“Perils of Labour”
The video documented the story of Yi Yeting, an occupational disease patient turned worker activist. It is a story of the unequal battle waged between workers and capital, between individual and the state; yet it is also a story of personal growth and empowerment, of overcoming one’s suffering and gaining collective consciousness.
Yi was working at a container company when he was diagnosed with leukemia caused by occupational benzene poisoning in 2005. Eight years on, he is still stuck in a long legal battle with the factory for justice and fair compensation. While his case has yet to come to a satisfying resolution, his struggle has inspired his fellow workers to stand up for their right, exposing the issue of occupational poisoning as a collective problem in the outwardly exemplary state-owned company. In the process of seeking occupational disease compensation he has become an expert in the issue, eventually joining a labour NGO as an organiser, giving paralegal advice to other workers in similar situation and advocating for legislative changes relating to occupational diseases.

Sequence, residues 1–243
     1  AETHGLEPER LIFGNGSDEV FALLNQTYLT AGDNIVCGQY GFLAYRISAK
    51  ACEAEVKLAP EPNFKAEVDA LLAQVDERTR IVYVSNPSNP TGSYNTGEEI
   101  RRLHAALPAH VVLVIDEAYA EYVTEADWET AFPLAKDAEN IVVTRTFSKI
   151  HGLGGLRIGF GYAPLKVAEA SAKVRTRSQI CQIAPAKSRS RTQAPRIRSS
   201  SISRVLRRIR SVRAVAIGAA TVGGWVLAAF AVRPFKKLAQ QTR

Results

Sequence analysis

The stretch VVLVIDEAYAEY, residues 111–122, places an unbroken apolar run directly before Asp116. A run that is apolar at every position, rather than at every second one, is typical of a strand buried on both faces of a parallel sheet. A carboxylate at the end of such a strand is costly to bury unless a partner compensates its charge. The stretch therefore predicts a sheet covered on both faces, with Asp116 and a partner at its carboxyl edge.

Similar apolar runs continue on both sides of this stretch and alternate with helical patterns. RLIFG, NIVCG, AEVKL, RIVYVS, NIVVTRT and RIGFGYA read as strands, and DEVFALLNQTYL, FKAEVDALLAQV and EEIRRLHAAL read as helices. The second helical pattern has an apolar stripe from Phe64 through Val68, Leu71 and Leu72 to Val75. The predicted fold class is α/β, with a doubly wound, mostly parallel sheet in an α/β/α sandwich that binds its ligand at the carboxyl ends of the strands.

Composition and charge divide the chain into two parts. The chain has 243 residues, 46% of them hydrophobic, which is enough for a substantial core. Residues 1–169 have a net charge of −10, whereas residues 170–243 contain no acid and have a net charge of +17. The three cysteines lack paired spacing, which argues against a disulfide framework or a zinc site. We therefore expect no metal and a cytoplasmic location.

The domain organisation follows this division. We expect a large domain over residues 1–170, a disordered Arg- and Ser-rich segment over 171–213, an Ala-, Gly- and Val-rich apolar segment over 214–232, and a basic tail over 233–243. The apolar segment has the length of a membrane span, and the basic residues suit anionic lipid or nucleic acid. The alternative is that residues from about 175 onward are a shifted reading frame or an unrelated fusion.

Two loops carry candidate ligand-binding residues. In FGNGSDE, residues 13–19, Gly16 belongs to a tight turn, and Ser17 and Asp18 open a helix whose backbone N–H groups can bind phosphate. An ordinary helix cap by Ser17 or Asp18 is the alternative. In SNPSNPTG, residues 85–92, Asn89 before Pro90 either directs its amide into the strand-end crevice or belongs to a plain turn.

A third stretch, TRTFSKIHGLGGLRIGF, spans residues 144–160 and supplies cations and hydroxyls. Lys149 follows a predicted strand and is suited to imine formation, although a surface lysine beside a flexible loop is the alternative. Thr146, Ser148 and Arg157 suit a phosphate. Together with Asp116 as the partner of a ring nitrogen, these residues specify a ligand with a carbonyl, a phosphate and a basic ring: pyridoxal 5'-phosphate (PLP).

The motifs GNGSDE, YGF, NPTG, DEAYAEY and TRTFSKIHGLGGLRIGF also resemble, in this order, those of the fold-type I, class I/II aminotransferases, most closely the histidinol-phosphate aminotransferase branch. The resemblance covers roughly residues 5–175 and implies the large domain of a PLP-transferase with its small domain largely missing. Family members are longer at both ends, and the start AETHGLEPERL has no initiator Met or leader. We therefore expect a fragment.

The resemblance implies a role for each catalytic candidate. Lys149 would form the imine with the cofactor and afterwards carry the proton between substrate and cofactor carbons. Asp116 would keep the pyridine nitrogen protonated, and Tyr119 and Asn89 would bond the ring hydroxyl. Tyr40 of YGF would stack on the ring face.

The video was filmed in one day in Shenzhen, at the place where Yi now works. Apart from Yi’s own narrative, interview was also taken from lawyer Guan Tieliu, who has handled a fair number of occupational disease cases. He gave the bigger background to Yi’s story, framing the struggle of occupational diseases patient in the tradeoff between economic growth and rights protection that the nation has settled for. Scenes were also taken from Yi’s daily life, his discussion with workers and from the area he frequents, to construct a fuller picture of Yi. Yi’s case is a slice of the endemic problem of occupational poisoning in China. Official figure put annual no of cases at about 2000; however the real figure is probably ten times higher due to the many difficulties in obtaining an occupational disease diagnosis. Benzene poisoning, the kind that Yi suffered, is one of the most prevalent type of occupational poisoning, found in industries from toy to electronic. Although substitutes to benzene has long been developed following discovery of its cancerous potential, companies have not used them due both to higher cost and ease of evading responsibility for occupational diseases. We hope to use Yi’s story to highlight the issue of chemical poisoning in modern factories, and to bring out the role occupational victims can play in pushing forward the frontier of workers’ rights.